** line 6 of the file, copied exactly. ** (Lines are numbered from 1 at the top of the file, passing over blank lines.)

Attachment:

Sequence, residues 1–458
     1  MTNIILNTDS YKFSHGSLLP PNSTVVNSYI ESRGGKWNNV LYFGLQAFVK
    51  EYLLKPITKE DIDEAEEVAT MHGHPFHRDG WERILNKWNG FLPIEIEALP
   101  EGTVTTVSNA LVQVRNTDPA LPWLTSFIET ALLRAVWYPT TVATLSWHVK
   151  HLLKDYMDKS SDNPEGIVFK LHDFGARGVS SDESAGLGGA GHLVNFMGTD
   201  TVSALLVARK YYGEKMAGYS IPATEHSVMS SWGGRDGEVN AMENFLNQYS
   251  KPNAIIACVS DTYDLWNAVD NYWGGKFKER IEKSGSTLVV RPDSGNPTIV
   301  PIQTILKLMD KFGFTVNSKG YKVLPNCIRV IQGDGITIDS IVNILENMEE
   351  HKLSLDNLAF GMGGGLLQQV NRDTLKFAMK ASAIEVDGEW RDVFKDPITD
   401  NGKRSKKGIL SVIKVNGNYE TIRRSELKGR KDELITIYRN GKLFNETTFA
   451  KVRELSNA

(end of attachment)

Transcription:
   201  TVSALLVARK YYGEKMAGYS IPATEHSVMS SWGGRDGEVN AMENFLNQYS